Hawaii’s police union was dealt yet another blow Friday in its efforts to protect police officer misconduct records from public scrutiny.

In a unanimous opinion, the Hawaii Supreme Court ruled that citizens have a compelling right of access to officers’ disciplinary files when they are suspended or fired for misconduct, noting that such records are critical to holding police accountable.

More significantly, the court ruled that private parties, such as the State of Hawaii Organization of Police Officers, do not have the right to block government officials from releasing those records to the public.

Hawaii State Supreme Court Building. Aliiolani Hale.
The Hawaii Supreme Court building in downtown Honolulu. Cory Lum/Civil Beat/2021

“We hold that there is no private right of action under UIPA for a party seeking to prevent the release of documents,” the court ruled.

The ruling Friday is the latest in a legal skirmish between Civil Beat, the City and County of Honolulu and SHOPO that has played out over the past few years. The Civil Beat Law Center for the Public Interest has been arguing that disciplinary files, including arbitration reports, are public.

Friday’s decision memorialized the high court’s ruling last year to release an arbitrator’s report on why HPD Sgt. Darren Cachola was given his job back after being fired by police administrators.

Cachola was fired in 2015 after he was caught on surveillance video physically fighting with his girlfriend in a Waipahu restaurant. The incident sparked widespread community outrage and legislative hearings focused on domestic violence and raised questions about how HPD responds to misconduct within the department.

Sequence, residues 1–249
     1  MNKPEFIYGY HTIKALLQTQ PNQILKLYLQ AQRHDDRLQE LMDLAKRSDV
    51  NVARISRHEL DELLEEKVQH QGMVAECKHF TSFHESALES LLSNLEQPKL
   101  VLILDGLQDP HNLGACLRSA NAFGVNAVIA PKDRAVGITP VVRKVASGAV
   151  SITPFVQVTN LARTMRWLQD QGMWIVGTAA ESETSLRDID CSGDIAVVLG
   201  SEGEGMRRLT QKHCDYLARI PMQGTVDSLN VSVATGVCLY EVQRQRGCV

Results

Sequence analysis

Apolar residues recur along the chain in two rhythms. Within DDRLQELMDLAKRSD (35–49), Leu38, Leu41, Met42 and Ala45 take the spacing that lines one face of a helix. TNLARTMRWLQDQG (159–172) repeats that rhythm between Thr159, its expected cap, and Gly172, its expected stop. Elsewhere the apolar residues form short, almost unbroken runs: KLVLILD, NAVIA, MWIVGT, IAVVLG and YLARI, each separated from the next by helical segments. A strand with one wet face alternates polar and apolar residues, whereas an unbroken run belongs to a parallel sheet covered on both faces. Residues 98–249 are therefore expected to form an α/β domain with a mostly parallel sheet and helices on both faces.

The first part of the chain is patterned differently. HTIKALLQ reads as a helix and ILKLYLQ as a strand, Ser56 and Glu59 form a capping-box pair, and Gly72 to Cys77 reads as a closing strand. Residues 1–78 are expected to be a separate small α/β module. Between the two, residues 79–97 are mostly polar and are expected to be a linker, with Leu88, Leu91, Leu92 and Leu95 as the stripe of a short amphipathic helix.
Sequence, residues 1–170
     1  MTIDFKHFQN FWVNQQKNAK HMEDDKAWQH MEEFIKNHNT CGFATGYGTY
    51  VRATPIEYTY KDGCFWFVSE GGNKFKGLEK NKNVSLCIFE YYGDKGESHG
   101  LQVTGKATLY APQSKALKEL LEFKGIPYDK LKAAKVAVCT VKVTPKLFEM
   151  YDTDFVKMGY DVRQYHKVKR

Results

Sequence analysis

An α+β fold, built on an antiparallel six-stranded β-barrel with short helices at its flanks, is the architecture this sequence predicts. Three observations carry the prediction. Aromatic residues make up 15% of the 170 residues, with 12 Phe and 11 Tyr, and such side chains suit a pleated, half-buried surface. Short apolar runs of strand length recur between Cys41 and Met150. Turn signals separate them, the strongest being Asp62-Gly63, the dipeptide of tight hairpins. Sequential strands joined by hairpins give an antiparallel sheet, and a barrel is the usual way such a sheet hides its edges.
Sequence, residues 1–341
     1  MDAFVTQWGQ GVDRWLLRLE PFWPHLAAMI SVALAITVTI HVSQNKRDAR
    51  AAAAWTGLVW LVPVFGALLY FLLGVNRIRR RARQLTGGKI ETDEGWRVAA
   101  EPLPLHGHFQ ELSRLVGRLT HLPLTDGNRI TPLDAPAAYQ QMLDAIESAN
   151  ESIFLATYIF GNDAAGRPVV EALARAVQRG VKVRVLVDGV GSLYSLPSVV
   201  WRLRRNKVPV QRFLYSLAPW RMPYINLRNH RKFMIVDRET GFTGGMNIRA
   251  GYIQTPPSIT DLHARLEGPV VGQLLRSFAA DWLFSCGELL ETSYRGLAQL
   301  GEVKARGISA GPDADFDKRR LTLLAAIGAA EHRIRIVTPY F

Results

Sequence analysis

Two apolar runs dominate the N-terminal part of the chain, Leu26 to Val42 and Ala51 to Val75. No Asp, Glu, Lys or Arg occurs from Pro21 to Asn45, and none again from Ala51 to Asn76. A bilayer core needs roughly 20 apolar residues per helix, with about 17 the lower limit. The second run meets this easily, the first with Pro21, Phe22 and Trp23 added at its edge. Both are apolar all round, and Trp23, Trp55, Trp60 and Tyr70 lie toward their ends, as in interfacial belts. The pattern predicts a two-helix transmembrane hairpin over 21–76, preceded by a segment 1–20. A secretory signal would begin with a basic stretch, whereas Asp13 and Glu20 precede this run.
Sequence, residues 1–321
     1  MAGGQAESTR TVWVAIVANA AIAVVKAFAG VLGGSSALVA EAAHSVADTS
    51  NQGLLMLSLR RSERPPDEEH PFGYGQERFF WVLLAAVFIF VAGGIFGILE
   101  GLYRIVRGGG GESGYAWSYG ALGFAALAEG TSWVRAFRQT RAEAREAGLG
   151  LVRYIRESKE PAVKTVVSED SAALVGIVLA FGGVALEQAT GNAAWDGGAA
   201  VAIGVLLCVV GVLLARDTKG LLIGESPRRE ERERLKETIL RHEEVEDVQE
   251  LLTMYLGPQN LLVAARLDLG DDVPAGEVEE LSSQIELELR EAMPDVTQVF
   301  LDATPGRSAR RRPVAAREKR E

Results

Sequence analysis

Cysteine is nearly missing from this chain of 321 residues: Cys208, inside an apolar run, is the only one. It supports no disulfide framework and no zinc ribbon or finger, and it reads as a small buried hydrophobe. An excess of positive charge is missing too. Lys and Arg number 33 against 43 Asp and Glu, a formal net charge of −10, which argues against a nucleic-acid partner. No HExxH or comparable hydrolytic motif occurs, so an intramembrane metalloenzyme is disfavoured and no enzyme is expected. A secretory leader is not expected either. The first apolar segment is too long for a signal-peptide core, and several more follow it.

The Police Files Project Badge

Civil Beat had asked the Honolulu Police Department for a copy of the arbitration decision in 2018 under the state’s public records law, the Uniform Information Practices Act.

Before HPD could release the records SHOPO sued, arguing among other things that the UIPA didn’t allow for the release of the decision and that providing the records would violate Cachola’s privacy rights.

The Supreme Court, however, disagreed.

In its 70-page ruling, the high court made clear that the public has a “compelling” interest in knowing about officer misconduct and how it is investigated, citing prior rulings that essentially said the same.

The court pointed out that the Hawaii Legislature passed a bill in 2020 that eliminated a unique, SHOPO-backed exemption in the UIPA that stated officers’ disciplinary files could only be released in cases that resulted in discharge.

The union has tried numerous times to challenge that law, now known as Act 47, but has failed.

The court made clear in its ruling that the public has a right to many different types of records related to officer misconduct, including arbitration decisions, closing reports and investigative files. It also noted that just because an exemption exists in the UIPA, doesn’t mean an agency has to exercise it to deny records.

SHOPO President Malcolm Lutu was not immediately available for comment.

Read the opinion here:

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